In June 1940 Levi told British spy chiefs that the Abwehr were sending him on a mission to Egypt.
He visited British secret service contacts in Belgrade and Istanbul and briefed them on his assignment. He was briefly imprisoned in Turkey on counterfeit currency charges – but MI6 wangled his release so he could get to Cairo.
In the Egyptian capital, the British were hatching an audacious plan.
GettyBattle: British troops with German PoWs
They would use Levi to feed the Germans false information about their intentions. To accomplish this they created an entirely fictional spy network.
It was one of many schemes dreamed up by wartime British spy chiefs, who were masters of deception.
The most famous of their plots involved hiring actor Clifton James because of his resemblance to General Montgomery.
James was sent to Gibraltar and Algiers, where his presence posing as the British general fooled the Germans into thinking Allied landings were imminent in southern France.
The ruse was immortalised in the movie I Was Monty’s Double. When Levi arrived in Cairo in February 1941, he came under the control of the local MI5 organisation, Security Intelligence Middle East.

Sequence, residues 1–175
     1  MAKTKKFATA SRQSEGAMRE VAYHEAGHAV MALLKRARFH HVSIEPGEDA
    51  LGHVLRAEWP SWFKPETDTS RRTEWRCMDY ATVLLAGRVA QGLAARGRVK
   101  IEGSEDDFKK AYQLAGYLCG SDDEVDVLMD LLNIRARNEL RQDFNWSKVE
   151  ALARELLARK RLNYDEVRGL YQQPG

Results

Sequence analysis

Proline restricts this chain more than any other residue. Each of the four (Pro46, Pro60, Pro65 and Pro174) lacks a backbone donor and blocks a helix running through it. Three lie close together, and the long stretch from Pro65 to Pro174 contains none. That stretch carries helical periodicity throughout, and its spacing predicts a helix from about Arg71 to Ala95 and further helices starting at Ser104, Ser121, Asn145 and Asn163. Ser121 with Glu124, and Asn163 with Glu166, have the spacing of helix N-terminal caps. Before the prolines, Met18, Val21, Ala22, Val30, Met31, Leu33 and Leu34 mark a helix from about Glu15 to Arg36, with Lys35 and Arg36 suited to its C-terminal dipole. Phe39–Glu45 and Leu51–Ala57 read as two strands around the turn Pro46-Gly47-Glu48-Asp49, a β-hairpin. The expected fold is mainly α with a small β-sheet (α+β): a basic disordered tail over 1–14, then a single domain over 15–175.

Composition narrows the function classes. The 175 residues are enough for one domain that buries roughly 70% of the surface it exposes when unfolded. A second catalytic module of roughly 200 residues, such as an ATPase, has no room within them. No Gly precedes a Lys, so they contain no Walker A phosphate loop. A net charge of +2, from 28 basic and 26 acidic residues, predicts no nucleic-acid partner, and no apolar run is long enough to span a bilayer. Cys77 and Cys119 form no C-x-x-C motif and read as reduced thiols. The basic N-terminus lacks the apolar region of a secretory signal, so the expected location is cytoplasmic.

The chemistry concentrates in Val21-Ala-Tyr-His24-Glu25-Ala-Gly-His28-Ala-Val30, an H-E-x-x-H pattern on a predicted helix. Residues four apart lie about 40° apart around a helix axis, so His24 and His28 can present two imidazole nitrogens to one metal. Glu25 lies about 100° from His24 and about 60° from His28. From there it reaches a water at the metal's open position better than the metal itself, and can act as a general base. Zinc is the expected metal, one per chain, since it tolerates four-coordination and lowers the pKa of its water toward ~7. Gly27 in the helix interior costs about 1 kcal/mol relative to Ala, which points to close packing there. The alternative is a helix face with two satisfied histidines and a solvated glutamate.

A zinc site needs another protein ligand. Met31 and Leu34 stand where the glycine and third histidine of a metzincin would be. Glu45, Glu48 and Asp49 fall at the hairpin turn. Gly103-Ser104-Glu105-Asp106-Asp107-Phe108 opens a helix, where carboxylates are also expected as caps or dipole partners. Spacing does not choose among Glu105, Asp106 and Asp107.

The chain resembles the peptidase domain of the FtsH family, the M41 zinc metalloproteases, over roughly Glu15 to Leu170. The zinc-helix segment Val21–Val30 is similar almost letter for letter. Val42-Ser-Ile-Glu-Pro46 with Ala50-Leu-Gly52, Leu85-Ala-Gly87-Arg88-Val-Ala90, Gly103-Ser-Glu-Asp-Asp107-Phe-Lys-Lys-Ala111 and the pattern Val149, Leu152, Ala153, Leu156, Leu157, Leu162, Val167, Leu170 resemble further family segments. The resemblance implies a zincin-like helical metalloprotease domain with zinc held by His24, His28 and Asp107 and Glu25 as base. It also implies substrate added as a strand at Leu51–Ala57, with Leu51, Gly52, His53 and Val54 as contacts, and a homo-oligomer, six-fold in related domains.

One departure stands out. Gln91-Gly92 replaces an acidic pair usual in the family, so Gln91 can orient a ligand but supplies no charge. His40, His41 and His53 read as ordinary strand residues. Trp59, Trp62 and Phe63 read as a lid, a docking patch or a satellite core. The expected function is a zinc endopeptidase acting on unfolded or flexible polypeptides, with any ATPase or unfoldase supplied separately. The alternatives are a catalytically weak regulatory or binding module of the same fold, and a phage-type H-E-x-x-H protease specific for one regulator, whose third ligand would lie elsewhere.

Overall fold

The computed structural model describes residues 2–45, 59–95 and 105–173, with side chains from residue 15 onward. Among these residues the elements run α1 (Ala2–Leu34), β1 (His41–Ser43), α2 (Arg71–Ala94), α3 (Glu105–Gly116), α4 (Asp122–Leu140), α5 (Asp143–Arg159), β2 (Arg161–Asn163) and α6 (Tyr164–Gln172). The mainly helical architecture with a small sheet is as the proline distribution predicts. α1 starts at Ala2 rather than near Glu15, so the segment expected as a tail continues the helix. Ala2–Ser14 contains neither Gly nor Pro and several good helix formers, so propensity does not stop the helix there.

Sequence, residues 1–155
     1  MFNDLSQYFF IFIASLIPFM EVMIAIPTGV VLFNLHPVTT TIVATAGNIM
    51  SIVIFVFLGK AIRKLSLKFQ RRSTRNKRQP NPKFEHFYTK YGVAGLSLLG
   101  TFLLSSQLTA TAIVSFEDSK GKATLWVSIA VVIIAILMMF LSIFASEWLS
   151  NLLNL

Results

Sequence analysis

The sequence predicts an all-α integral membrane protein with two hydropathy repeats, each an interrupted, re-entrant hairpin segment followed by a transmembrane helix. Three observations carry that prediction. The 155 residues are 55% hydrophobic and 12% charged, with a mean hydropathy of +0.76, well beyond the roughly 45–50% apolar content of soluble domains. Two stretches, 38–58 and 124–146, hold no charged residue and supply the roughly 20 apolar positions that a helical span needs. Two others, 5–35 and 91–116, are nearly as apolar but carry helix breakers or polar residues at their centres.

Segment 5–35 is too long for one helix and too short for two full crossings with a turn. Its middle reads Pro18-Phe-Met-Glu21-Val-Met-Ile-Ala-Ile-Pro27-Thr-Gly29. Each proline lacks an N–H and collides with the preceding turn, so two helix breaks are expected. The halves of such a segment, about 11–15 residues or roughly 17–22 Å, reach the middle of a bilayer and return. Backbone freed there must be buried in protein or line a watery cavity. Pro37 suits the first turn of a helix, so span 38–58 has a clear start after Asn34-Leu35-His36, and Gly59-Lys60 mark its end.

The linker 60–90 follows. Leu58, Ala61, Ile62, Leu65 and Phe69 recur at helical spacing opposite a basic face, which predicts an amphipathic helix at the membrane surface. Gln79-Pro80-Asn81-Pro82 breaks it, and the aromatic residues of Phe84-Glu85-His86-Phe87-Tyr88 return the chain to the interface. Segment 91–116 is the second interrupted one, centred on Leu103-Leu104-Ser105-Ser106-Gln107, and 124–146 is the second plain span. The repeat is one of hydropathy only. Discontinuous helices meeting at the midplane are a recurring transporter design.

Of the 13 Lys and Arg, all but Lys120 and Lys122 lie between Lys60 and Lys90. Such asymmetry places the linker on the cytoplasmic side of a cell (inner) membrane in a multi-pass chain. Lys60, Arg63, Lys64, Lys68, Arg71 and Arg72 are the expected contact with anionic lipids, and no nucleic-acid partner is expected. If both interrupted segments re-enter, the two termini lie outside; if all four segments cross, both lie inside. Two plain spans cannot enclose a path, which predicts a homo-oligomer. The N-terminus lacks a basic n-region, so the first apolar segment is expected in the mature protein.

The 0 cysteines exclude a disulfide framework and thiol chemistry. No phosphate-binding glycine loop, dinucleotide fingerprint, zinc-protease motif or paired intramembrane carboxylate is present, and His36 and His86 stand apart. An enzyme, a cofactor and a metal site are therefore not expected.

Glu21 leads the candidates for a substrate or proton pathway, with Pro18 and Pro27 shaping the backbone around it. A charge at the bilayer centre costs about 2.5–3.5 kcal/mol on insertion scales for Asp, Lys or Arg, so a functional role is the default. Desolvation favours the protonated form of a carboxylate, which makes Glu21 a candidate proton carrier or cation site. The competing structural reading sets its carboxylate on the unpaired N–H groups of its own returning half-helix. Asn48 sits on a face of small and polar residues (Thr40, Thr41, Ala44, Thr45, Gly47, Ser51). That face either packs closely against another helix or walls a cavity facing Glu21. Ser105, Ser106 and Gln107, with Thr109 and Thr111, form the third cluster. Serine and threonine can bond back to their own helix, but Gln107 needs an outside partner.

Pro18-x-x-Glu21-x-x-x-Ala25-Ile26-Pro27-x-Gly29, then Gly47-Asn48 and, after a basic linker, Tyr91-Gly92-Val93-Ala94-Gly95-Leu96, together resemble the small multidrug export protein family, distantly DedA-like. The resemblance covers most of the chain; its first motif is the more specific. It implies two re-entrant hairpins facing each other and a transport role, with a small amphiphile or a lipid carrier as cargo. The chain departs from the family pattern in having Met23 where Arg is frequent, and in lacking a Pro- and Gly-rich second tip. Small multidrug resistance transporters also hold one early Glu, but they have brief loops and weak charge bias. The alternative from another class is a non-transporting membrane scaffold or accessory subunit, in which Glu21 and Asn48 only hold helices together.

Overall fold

He developed a good relationship with his MI5 handler, Evan Simpson.
Describing Levi, Simpson wrote: “He is a natural liar, capable of inventing any story on the spur of the moment to get out of a fix. He has a love of adventure, and is very fond of women.
"The work gives him opportunities to travel and of handling large sums of money which he would not otherwise get.”
GettyAllied victory: The Battle of El Alamein
The first stage in duping the Germans involved inventing a make-believe, pipe-smoking Syrian wireless operator called Paul Nicossof.
Nazi spy chiefs would receive a string of misleading secret messages transmitted by “Nicossof”. And they never twigged the MI5 joke – “Knickers-off”.
In April 1941 Levi returned to Italy for new instructions after setting up his imaginary spy ring in Cairo.
He was arrested and imprisoned for working in the black market. But MI5 continued to operate the mythical network he had set up until advancing Allied troops released Levi from jail and he rejoined the operation.
His fake network kept up radio contact with the Germans until the end of the war – unsuspected and undetected.
A record 432 radio messages were exchanged with the Abwehr, an average of two transmissions a week.
The Germans regarded Levi as their master-spy in the Middle East.